Sunday, May 20, 2012

Depression-Era "Live at Home" Program: A Revival?

During the Great Depression in North Carolina, Governor O. Max Gardner established the "Live at Home" program, a state-sponsored initiative to encourage rural struggling farm families to produce what they would need for sustenance at home, or, as we know it today, to homestead!

Governor O. Max Gardner,  Image Source

The trying economic times during the early 1930s meant that cash crops like cotton and tobacco were no longer bringing the sums farmers once knew. The "Live at Home" program encouraged and helped to train families to devote more land to growing foodstuffs that would be needed for survival rather than using that land for cash crops. That way, families could spend less on food and essentials produced at home that they were formerly buying at the general store or local market. With fewer cash crops being sold, this would help prices to rise.

Governor Gardner partnered with the College of Agriculture from what is today North Carolina State University, the Department of Agriculture and the Extension Service to assist him in his efforts to grow and consume locally-grown food, train families in the arts of raising livestock, canning and preserving, and cultivating successful vegetable gardens. Home demonstration agents and 4-H clubs helped spread the campaign and educated local communities. The program proved to be very popular, so much so that local and county groups began hosting their own Live-At-Home training events and homegrown feasts.

Governor Gardner especially promoted the Live-At-Home program in public schools, implementing curriculum that taught children basic homesteading, gardening, and animal husbandry skills. Don't you think this is a GREAT idea for today's youth as well?



In this time of economic recession and financial hardship for many, perhaps we need a revival of the "Live at Home" program. Tutorials, educational resources, classes, training--all of these things could help families get started with homesteading to ease their pocketbook and make their home a healthier place.

What do you think? Is a revival of the "Live-At-Home" program needed? Would it make any difference?




(For more information on the Live-At-Home program, please visit http://ncpedia.org/live-at-home for a wonderful article written by my former fellow co-worker and Associate Curator at the NC Museum of History, Diana Bell-Kite.)



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13 comments:

  1. Clearly we could learn a thing or two from Mr. Gardner. I really hope more people read this and understand it's relevance, especially in this day and age! It's time we start getting back to that way of thinking.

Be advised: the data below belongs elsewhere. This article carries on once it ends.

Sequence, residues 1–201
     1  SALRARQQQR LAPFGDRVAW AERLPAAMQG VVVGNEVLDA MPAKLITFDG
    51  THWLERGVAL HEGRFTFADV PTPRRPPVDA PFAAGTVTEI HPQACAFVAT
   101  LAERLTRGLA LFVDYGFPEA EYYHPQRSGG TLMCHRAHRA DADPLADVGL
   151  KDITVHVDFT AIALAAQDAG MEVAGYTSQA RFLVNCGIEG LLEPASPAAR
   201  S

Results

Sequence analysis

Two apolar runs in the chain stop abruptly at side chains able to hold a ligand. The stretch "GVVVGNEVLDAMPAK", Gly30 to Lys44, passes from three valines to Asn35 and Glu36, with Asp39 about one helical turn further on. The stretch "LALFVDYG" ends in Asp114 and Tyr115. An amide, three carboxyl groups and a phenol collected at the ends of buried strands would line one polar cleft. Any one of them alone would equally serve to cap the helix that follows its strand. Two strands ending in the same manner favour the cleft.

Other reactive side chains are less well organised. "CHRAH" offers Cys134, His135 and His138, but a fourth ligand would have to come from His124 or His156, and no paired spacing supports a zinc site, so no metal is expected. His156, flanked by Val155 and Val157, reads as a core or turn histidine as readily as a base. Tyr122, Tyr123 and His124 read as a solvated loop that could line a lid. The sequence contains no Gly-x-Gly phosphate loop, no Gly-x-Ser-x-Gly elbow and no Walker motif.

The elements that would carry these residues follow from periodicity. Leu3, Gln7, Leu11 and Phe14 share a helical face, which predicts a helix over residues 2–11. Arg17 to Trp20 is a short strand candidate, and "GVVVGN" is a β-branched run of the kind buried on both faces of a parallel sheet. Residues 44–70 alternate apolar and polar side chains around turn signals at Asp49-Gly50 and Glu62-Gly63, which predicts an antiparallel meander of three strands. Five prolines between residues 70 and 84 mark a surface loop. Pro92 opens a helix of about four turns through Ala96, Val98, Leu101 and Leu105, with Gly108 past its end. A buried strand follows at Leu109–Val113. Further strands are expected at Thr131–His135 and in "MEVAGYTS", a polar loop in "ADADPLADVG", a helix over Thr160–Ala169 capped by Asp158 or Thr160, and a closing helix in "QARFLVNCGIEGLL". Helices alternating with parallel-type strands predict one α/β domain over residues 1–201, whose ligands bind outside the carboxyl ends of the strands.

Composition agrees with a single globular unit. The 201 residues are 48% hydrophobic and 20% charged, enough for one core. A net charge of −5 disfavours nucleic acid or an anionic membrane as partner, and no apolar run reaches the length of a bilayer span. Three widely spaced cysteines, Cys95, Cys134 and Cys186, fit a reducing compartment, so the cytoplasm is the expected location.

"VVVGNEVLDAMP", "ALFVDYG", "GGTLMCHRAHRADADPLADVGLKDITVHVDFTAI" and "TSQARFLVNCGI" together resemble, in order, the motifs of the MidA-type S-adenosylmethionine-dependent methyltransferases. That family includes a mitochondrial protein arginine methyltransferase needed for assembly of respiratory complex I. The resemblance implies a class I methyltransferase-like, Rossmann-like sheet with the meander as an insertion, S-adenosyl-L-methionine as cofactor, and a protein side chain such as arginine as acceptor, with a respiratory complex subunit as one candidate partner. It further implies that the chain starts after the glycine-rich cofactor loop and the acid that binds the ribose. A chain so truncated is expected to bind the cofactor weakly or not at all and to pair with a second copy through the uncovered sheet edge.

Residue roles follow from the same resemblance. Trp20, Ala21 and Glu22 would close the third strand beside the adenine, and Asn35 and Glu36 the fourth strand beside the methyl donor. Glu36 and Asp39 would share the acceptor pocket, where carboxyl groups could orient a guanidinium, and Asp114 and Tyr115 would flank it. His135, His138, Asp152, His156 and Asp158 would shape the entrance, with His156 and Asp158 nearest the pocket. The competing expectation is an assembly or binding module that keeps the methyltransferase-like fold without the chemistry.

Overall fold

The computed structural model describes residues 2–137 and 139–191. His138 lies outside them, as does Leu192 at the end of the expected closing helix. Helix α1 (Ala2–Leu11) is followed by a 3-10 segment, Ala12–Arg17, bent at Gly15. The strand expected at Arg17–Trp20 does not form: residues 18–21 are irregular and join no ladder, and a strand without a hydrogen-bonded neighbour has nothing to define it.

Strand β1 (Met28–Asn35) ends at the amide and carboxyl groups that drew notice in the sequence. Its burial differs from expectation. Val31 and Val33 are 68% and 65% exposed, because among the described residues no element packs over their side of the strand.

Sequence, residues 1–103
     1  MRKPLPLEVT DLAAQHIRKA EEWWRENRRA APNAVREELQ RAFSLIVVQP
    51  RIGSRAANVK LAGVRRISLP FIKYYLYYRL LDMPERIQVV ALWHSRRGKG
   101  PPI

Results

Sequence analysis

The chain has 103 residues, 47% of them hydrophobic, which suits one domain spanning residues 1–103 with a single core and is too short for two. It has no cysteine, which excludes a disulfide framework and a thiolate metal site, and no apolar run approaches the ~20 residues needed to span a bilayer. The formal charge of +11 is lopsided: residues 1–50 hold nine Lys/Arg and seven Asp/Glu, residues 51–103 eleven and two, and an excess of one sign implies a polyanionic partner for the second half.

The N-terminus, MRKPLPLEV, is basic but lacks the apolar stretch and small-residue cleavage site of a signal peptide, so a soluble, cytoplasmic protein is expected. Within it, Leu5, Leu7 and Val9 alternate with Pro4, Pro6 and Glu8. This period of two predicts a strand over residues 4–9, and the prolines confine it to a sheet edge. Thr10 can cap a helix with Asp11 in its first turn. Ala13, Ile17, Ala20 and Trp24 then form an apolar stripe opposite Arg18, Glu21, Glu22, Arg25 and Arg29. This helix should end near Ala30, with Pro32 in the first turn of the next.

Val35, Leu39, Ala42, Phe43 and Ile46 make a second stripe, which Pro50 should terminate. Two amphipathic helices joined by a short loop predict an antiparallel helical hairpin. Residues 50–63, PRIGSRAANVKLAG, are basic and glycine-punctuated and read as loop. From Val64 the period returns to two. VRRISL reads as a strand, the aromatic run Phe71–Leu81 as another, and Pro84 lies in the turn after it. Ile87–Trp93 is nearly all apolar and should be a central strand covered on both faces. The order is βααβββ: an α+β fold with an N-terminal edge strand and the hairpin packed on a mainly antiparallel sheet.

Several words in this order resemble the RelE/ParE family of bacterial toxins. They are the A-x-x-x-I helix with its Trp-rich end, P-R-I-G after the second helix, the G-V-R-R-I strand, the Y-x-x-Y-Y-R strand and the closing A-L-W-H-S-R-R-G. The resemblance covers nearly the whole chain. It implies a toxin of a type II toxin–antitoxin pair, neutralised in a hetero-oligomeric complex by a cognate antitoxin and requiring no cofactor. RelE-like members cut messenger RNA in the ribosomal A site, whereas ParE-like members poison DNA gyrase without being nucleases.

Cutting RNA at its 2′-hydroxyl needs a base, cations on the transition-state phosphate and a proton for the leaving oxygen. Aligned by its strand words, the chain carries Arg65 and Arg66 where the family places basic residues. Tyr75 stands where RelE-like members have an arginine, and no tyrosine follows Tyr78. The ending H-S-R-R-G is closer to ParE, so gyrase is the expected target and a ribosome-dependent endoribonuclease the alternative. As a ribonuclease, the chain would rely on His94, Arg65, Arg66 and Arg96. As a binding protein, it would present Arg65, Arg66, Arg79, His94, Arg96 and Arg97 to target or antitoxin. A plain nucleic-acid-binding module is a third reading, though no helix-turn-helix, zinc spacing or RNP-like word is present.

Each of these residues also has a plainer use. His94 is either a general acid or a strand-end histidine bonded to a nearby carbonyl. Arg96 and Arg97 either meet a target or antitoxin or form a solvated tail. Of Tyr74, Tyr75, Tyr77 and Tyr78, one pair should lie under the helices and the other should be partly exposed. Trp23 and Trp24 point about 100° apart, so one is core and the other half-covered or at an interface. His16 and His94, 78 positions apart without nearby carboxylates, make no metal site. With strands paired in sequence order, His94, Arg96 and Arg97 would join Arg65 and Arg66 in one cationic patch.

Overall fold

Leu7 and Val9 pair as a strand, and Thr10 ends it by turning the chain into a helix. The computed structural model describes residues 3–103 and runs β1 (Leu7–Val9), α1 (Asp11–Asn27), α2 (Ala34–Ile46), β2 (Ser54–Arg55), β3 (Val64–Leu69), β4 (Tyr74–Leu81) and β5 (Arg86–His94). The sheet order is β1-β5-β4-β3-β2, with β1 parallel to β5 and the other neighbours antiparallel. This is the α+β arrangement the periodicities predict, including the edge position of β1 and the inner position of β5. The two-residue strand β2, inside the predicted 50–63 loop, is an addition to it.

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    1. Absolutely! I wish the schools would place more of an emphasis on homesteading, livestock and gardening skills like they did back then. I think it could be so worthwhile.

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  2. I think it's a wonderful idea! I work with children and we're creating our own year round veggie garden (I also have visions of chickens and bees, but we'll see how far that goes with my new boss and the historical committee when and if we ever get that far). Our children are hungry for knowledge and LOVE growing their own food :-) They'll eat anything they've worked to grow, which is amazing and a gift in itself!

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    1. That is awesome! I'm so glad to hear the kids enjoy learning how to garden. I hope you can get everyone on board for chickens and bees too!

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  3. I love the idea. It's sorely needed now. But I can't see it happening in the schools or being promoted by elected officials. Think about it - if we all grow our own produce and raise our own livestock and all that, then we wouldn't be going to the Big Box Corproations for our needs. The corproate CEO's would see profits fall. And, let's face it, they own government.

    No, if these programs are to succeed (and I believe they are needed!) we will have to start quiet revolutions in our own communties and make this a grassroots effort.

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    1. Very true. Sad, but true. We will have to make it a grassroots effort for sure which I hope is starting to happen!

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  4. Our homeschool already has Live-at-Home lessons on our little homestead. I praise GOD for being able to teach my kids REAL life skills in such uncertain times.

    Thanks for the article!

    Amanda
    Matthew 6:33

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    1. Good for you! It's great your kids are learning those skills.

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  5. It's amazing what (younger) people don't know about gardening or raising anything for that matter! I actually rubbed off on my neighbors and they planted a vegetable garden this year as they were jealous of mine last year!

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  6. I think this is desperately needed. My kids attend public school and it is astounding how many kids in their classes don't even know what real food looks like. I have turned my entire back yard into food production (well, except the parts that are too much shade to grow very much) and every child that comes over always samples and tastes what is ready. They all love it...some have even taken plants home to grow. I am hoping to start my own revolution by getting the kids interested and taking it home to their parents.

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  7. Well it sure looks like you are carrying forth the "Live at Home" message everyday. I love your blog btw--glad you enjoyed the article :)
    -Diana

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